Elmer Boyd Staats

Elmer StaatsThe son of Wesley Forrest and Maude Goodall Staats was born on June 6, 1914, in Richfield, Kansas. He was valedictorian of the 1931 graduating class of Sylvia High School in Sylvia, Kansas. He received a bachelor's degree (1935) from McPherson College, a master's degree (1936) from the University of Kansas, and in 1939 he received a doctor's degree from the University of Minnesota. He has received honorary Doctor of Laws degrees from McPherson College (1966), Duke University (1975), Nova University (1976), Wharton School, University of Pennsylvania (1981), and Lycoming College (1982). An honorary Doctor of Public Service degree was bestowed upon him by George Washington University (1971), and an honorary Doctor of Administration degree by the University of South Dakota (1973). In 1982 he received an honorary Doctor of Humane Letters degree from The Ohio State University. He was made an honorary Certified Internal Auditor in 1973.

Over the years he had maintained a close relationship with educational institutions. He had served as a lecturer at American University (1941-43) and George Washington University (1944-46). During the period 1947-53, he was on the Advisory Council of the Department of Politics at Princeton University and during 1974-80 he was on the Visiting Committee of the John F. Kennedy School of Government at Harvard University. In addition, he served on the Board of Trustees of McPherson College (1969-79) and American University (1966-80). He was also a member of the visiting committees of several universities. He was an honorary member of the faculty of the Industrial College of the Armed Forces (1973; member, Board of Advisors 1974-77), and he had been a member of the Board of Visitors of the National Defense University since 1981.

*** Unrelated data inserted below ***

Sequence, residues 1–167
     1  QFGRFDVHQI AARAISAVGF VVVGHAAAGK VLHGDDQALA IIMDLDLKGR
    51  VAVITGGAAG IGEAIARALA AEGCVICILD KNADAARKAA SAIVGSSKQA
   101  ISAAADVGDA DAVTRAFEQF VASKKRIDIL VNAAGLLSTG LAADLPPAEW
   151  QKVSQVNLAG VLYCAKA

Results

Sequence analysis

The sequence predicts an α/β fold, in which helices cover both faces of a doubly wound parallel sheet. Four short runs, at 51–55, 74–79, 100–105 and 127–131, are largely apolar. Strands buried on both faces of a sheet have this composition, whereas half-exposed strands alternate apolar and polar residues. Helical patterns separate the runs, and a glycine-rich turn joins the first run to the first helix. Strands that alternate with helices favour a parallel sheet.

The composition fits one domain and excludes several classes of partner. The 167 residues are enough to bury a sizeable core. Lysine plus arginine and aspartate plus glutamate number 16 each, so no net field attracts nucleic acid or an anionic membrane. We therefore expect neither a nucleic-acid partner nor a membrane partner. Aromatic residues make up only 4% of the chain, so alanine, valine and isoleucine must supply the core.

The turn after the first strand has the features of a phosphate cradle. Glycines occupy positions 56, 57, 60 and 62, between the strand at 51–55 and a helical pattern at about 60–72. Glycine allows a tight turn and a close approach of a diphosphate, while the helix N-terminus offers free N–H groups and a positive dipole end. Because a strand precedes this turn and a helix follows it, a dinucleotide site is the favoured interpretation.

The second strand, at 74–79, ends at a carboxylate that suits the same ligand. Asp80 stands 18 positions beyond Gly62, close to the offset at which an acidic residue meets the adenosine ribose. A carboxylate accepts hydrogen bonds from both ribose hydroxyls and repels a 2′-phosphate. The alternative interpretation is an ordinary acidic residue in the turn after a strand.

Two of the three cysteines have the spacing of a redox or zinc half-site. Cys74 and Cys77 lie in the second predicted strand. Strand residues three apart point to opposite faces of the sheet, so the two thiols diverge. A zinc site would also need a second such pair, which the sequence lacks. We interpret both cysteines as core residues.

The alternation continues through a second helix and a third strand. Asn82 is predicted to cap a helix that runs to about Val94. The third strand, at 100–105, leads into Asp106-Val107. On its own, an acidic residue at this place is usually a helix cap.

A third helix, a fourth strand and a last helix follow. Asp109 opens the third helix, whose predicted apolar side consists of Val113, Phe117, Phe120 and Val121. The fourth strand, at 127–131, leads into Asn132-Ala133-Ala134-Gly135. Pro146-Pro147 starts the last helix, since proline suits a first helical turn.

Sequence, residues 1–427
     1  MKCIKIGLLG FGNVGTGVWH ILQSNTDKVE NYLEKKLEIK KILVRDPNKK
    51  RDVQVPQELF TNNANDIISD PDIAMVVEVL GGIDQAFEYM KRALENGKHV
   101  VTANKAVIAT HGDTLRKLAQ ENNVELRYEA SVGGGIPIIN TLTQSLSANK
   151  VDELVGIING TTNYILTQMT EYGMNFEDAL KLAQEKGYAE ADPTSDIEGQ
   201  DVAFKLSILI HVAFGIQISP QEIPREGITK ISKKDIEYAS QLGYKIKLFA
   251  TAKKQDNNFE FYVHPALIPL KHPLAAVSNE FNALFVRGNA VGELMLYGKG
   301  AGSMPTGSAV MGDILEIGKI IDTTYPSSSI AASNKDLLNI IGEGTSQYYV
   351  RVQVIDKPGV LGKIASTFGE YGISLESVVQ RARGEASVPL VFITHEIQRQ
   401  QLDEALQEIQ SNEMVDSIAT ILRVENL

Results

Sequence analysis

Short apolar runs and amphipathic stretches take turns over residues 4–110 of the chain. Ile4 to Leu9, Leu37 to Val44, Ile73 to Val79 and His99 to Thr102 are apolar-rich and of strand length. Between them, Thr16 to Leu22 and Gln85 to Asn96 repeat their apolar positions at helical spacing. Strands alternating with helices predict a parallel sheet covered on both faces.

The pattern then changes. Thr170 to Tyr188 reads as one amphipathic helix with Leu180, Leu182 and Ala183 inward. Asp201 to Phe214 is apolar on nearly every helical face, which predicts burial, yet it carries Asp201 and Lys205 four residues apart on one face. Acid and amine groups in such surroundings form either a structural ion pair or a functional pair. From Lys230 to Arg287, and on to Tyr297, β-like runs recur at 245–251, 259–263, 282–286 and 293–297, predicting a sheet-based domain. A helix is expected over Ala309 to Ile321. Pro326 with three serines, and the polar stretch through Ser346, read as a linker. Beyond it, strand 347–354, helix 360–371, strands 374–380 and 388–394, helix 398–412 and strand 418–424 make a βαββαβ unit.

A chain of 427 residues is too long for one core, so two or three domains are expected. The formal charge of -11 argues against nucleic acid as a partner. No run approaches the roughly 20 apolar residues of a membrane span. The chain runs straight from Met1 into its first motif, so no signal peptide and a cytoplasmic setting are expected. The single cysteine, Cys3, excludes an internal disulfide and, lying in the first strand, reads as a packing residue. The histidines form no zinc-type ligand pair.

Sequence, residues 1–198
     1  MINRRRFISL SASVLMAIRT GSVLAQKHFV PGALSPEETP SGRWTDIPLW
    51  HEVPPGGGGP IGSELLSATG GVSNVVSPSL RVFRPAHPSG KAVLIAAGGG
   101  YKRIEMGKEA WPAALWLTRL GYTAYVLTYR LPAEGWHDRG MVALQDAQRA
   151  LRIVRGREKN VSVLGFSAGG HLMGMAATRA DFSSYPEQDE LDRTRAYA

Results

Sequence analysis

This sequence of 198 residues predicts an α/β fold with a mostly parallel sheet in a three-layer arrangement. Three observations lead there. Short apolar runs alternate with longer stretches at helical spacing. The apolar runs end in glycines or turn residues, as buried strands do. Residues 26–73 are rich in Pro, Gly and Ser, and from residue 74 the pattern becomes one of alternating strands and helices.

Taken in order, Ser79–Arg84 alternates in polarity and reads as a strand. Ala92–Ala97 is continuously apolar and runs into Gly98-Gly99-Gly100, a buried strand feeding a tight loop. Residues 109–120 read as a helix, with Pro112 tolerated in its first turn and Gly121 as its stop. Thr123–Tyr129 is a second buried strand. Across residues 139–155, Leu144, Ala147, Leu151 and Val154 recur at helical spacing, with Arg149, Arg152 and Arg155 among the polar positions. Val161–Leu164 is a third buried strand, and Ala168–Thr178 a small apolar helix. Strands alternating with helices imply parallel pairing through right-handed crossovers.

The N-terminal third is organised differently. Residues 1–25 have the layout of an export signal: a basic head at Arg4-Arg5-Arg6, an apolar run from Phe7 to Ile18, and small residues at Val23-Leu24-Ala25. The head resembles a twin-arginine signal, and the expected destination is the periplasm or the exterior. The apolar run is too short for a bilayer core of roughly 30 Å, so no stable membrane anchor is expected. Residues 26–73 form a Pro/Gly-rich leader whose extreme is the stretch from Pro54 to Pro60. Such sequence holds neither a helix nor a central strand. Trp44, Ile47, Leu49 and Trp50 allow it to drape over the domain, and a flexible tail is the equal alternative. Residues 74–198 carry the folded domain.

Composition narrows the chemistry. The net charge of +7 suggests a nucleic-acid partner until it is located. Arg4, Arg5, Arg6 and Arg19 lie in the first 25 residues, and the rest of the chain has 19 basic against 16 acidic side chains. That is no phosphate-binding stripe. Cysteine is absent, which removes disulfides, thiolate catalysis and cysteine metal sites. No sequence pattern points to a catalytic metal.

He had had a long and distinguished career in government service. After graduating from the University of Kansas in 1936, he spent that summer as a research assistant for the Kansas Legislative Council of Topeka. During 1937-38, he was a member of the staff of the Public Administration Service of Chicago. He was a Fellow of the Brookings Institution in Washington during 1938-39. From 1939 to 1953, he served in the Bureau of the Budget (name changed to the Office of Management and Budget in 1975) as a member of the Division of Administrative Management (1939-43), a member of the War Agencies Section (1943-47; chief 1945-47), assistant to the director (1947), assistant director in charge of Legislative Reference (1947-49), executive assistant director (1949-50), and in 1950, President Truman appointed him deputy director, the position he held until 1953.